Argentine Navy loses communication with submarine carrying crew of 44

PHOTO: An undated handout photo made available by the Argentine Navy on Nov. 17, 2017 shows the ARA San Juan submarine.PlayArgentine Navy Handout/EPA
WATCH Search for missing Argentine submarine with 44 crew members onboard

The Argentine Navy confirmed today that it has lost communication with one of its submarines.

According to the Navy, the submarine's last-known position in the area of operations was near the San Jorge Gulf, about 240 nautical miles from the country's southern shore. Communications were reportedly knocked out Wednesday because of a fire, local media said.

No SOS warning was received at any time, the Navy said. A spokesperson hypothesized that it would be logical that a major electrical problem could have knocked out the submarine's communications.

The missing watercraft -- the ARA San Juan -- is a German-built TR 1700 class diesel-electric submarine, the Navy said. It was on a routine trip from a base in Ushia, on the southern tip of the continent, to its home base of Mar del Plata.

The ARA San Juan debuted in 1983 and hadn't experienced any problems until two years ago, when it was sent to port to be repaired, the Navy said. The nature of those repairs is unclear.

"We have a loss of communications. We are not talking of an emergency," said Adm. Gabriel Gonzalez, according to The Associated Press.

PHOTO: An undated handout photo of the ARA San Juan submarine, made available by the Argentine Navy, Nov. 17, 2017.Argentine Navy Handout/EPA
An undated handout photo of the ARA San Juan submarine, made available by the Argentine Navy, Nov. 17, 2017.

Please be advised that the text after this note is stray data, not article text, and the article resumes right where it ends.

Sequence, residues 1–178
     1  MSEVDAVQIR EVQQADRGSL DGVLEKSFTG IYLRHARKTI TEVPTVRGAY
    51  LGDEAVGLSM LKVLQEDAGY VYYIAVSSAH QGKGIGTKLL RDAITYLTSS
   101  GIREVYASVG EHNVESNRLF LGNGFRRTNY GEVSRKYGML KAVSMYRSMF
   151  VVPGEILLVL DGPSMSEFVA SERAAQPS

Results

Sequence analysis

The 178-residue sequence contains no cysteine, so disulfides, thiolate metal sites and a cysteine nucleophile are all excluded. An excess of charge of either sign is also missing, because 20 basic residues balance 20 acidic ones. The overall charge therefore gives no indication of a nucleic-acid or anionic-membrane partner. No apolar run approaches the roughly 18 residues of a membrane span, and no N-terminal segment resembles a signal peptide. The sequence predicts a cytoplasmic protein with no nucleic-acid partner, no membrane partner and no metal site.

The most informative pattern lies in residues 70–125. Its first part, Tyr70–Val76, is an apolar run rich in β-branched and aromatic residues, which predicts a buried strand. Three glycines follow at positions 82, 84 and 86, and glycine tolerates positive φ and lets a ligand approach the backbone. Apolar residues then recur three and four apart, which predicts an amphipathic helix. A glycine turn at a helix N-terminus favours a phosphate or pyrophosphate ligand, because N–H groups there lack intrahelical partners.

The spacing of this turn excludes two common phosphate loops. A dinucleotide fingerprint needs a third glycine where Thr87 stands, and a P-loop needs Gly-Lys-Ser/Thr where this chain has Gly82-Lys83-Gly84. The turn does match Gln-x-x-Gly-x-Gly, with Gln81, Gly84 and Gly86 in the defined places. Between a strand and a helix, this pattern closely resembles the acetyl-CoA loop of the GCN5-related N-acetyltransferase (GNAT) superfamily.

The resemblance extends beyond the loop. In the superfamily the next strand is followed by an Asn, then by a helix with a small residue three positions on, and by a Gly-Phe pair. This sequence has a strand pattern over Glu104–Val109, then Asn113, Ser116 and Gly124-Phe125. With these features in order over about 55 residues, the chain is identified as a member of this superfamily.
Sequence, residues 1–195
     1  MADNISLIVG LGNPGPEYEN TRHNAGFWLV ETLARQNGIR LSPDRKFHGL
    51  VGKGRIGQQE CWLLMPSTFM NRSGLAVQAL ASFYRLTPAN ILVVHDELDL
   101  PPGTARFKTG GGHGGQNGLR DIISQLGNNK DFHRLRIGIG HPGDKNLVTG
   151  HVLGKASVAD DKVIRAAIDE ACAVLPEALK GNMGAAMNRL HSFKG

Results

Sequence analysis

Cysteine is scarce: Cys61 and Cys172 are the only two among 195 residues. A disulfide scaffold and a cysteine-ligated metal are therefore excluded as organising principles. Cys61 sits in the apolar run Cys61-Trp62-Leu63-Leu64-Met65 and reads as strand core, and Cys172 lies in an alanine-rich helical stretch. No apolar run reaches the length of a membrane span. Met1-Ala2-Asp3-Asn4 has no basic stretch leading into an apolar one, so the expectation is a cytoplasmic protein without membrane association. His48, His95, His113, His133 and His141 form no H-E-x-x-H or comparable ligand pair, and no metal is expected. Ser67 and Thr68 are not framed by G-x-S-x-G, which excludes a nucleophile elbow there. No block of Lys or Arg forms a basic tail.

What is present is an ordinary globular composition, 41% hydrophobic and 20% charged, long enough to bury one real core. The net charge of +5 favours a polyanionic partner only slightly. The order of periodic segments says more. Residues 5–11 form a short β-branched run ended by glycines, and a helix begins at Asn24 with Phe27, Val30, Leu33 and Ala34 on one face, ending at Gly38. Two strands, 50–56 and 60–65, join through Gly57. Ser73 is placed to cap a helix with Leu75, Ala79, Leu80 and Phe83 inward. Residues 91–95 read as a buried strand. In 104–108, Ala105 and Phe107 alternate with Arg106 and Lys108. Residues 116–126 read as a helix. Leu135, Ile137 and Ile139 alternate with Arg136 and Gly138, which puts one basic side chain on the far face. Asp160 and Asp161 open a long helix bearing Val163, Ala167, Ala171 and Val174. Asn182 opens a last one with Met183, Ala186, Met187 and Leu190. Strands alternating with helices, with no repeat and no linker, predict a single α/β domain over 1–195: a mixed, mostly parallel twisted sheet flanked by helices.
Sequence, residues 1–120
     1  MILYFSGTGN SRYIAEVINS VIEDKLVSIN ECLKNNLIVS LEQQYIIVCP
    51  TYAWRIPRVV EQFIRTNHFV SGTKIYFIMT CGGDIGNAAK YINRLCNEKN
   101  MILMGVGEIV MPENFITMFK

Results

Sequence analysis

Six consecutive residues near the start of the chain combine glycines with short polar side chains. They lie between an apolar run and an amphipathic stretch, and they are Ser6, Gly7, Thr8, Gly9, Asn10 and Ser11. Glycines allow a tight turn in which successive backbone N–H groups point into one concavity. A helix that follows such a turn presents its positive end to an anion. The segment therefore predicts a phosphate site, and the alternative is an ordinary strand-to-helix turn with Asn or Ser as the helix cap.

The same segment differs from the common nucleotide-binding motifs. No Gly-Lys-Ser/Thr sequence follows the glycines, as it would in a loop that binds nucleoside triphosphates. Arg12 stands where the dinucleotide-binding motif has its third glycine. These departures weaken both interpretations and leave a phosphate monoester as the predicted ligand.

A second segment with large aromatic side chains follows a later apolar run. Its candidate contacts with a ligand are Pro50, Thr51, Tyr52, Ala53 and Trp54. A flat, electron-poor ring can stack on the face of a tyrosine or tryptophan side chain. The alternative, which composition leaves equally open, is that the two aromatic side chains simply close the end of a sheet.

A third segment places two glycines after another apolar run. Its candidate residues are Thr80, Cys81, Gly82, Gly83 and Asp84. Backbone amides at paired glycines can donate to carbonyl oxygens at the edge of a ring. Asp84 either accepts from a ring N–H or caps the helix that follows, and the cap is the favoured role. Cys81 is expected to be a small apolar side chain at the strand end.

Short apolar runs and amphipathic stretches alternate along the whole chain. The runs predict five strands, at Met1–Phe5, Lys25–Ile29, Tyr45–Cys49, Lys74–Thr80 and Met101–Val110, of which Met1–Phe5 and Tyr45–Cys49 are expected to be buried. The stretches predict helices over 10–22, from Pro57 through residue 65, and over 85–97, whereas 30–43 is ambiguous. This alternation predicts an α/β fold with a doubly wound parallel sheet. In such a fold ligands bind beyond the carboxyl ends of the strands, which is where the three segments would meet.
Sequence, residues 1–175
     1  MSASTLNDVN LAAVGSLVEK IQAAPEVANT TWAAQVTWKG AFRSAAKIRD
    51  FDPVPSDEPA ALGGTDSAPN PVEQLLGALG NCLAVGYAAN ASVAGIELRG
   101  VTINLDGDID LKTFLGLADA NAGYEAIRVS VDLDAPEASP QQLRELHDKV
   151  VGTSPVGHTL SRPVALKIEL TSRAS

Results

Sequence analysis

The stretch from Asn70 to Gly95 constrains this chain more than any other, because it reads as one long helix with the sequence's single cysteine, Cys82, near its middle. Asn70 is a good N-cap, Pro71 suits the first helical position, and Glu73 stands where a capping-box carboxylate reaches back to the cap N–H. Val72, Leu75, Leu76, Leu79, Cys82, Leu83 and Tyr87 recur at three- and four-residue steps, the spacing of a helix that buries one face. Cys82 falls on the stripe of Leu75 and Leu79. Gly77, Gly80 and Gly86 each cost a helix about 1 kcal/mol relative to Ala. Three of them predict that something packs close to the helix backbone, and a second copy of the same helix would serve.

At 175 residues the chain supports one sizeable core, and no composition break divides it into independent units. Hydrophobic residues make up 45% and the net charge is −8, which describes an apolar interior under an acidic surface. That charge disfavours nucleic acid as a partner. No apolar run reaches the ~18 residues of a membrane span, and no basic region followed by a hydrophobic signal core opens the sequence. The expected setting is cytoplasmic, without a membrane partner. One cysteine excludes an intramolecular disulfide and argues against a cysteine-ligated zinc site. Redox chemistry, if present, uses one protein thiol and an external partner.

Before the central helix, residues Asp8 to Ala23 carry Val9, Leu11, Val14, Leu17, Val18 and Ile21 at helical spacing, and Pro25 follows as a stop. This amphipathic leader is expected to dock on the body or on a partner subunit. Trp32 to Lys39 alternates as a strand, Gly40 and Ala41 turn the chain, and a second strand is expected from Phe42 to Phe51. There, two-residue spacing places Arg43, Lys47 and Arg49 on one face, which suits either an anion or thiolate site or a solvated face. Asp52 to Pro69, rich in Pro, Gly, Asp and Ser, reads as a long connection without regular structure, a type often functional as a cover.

The Navy said that four naval ships and three planes were searching for the missing submarine, as well as land-based communications stations, which are listening to all possible frequencies of transmission in case the vessel is trying to send a message.

One of the planes being used is an American NASA plane, which is equipped with instruments that searchers hope will aid in the search. The Navy has also asked that local merchant and fishing ships also keep a lookout for the submarine.

Only 15 percent of the logical search area had been surveyed by Friday afternoon, and the search area has now been widened, the Navy said.

After the search began during mild weather, visuals were later hampered due to worsening weather, according to officials.

The Submarine Force Command has been in touch with the relatives of the 44 on board to keep them informed of developments.

According to the Navy, a Turbo Tracker aircraft and a B-200 aircraft had made flights Thursday and this morning.

Both the naval destroyer ARA Sarandi with a helicopter on board and the corvette ARA Rosales had also been sent to the area. Additionally, the Navy said the ARA corvette Drummond was expected to arrive and get in position today around 6 p.m. local time.

Steve Ganyard, an ABC News contributor and a former deputy assistant secretary of state, said the San Juan was almost 35 years old but had undergone a "midlife upgrade" in 2013. The submarine is one of only three in the Argentine Navy.

PHOTO: An officer of the Argentine Navy leaves its headquarters in Buenos Aires, Argentina, Nov. 17, 2017. David Fernandez/EPA
An officer of the Argentine Navy leaves its headquarters in Buenos Aires, Argentina, Nov. 17, 2017.

The U.S. Southern Command said it was monitoring the situation closely.

"We are coordinating closely with the U.S. State Department and our chain of command to be ready to assist, if asked. As of this email, U.S. Southern Command does not have a role in the ongoing search and rescue effort. We join the international community in hoping for an outcome involving no loss of life or injuries to personnel," U.S. Southern Command said.

The Argentine Foreign Ministry said that the governments of Chile, U.S. and U.K. had offered logistical support and information in the search for the missing submarine. The U.S. also deployed a plane to the massive search site in a rescue operation.

"The fact is that, if you don't know where the submarine is, when it's in distress, you can have all the rescue gear in the world and it's not going to make a difference," Ganyard said.

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